by Ariel McRae
In today’s social climate, tensions have been high between citizens and police officers. There has been a definitive line drawn in the sand between people that feel comfortable in calling on those that have decided to dedicate their lives to their careers on the force and others that do not feel comfortable. There are real conversations that need to be had in order to break down those barriers built between both officers and citizens, which is why the national holiday Coffee with a Cop was born.
On October 5 across the entirety of the United States, cops and citizens gathered together at local restaurants and coffee shops to sit down and share a cup of coffee over open discussion about the work police officers do and how citizens can be better assisted with feeling safer. Not every grievance will be solved over a steaming mug of joe, but it is a start at bridging the gap.
Humboldt police officers gathered at three different locations around the city to celebrate the national event with the community. At McDonald’s, officers shared coffee with patrons as well as served customers through the drive-thru window and manned the front counters. At Rachel’s Diner, a few policemen sat around tables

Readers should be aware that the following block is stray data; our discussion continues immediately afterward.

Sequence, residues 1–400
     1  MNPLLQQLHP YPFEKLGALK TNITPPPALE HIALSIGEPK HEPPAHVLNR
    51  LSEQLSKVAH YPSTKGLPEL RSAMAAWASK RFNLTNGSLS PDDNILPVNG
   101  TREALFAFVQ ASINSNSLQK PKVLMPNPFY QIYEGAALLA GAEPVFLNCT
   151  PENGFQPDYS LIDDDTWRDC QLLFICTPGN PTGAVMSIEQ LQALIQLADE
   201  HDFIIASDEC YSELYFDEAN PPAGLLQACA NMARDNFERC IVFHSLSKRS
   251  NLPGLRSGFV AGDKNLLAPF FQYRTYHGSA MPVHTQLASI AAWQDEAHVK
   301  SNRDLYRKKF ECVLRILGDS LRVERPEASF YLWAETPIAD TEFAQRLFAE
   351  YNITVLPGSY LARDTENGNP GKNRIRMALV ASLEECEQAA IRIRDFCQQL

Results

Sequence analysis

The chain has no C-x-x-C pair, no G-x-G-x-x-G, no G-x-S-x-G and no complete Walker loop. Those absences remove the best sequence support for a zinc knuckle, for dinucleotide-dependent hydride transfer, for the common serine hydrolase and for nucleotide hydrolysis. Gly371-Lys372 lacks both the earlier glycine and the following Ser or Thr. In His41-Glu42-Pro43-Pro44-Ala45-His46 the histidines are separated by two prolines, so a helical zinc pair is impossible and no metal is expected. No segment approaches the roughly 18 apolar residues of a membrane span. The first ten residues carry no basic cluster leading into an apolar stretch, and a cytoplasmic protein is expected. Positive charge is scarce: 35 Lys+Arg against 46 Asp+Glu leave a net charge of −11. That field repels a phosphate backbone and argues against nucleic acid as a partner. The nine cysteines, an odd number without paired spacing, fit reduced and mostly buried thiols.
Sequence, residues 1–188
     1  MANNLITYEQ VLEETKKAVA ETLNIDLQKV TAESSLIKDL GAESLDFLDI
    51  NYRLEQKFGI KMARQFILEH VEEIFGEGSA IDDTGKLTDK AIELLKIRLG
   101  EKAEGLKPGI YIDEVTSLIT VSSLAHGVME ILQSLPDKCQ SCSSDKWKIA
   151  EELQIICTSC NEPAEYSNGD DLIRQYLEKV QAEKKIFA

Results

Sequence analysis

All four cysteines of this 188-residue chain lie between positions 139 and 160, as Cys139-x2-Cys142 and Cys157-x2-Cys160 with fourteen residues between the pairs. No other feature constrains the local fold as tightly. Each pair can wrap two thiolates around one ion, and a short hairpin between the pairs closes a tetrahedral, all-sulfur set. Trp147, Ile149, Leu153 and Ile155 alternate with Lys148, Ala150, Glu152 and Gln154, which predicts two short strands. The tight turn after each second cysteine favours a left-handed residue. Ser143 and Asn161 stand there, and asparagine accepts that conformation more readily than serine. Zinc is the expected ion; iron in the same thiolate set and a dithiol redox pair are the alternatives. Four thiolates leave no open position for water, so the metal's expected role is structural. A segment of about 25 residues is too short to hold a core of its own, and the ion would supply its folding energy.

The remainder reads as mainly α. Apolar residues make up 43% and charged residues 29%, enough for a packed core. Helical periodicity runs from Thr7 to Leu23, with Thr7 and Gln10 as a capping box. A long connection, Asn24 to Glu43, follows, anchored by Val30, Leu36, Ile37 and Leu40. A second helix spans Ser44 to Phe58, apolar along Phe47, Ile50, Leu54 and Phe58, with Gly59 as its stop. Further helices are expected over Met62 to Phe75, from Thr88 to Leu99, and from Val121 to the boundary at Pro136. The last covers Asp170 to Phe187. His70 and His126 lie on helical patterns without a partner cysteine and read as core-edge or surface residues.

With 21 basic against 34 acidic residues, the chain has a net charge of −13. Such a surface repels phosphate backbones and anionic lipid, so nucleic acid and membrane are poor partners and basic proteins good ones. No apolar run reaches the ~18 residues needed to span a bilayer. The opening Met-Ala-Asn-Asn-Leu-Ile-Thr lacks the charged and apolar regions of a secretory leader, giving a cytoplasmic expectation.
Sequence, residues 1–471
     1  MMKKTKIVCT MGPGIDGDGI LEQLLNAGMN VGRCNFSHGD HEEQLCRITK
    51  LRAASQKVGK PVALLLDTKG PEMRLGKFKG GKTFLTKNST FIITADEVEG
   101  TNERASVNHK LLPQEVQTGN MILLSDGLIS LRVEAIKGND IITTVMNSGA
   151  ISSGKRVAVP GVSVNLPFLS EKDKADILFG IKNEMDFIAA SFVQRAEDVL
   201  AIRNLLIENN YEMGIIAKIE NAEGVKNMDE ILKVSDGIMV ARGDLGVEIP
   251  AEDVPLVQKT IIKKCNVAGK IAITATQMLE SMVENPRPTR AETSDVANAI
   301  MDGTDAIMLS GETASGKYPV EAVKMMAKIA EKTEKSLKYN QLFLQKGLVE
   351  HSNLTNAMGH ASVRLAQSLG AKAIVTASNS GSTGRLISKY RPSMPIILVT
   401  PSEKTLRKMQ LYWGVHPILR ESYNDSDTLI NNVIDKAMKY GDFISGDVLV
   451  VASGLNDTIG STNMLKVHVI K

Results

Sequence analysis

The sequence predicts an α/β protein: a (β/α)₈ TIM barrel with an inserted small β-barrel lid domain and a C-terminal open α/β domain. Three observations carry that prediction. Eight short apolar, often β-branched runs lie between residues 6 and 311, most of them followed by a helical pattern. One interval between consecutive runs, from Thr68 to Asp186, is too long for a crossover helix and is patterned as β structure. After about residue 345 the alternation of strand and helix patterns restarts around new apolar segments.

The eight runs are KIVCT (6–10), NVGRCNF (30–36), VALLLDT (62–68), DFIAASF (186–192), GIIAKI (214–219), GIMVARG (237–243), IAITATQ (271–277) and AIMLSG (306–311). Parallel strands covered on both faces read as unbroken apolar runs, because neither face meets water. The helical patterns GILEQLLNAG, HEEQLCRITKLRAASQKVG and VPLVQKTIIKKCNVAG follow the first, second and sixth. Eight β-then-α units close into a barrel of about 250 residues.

talking to others over coffee and breakfast, even pouring pots of coffee for the guests needing refills. At The Coffee Shop, the event was more intimate with the cops gathered at a circular table with citizens of Humboldt, which allowed for welcomed discussion on what the police officers of this town could do to foster better relationships with different communities within Humboldt.
“The best part for me was being [at this event] without an agenda, or a call.” Sgt. Jonathan Wilson explained what he loved about participating for the holiday event. “The interaction without reason was my favorite.”
Wilson mentioned there would more than likely be updates and improvements for the next Coffee with a Cop day for October 5 in the next calendar year. The police would like to get the word out about the event more next year so they can have as many community participants as possible. The hope is for this national day to become a twice a year celebration in the years to come, but that is only a possibility for now.
“It’s just an unintimidating way for people to have a conversation with us, which is our goal,” Sgt. Wilson expressed. “We just don’t want the intimidation, which is why we did it the way we did it, whereas when someone comes to the police department, they tend to be intimidated.”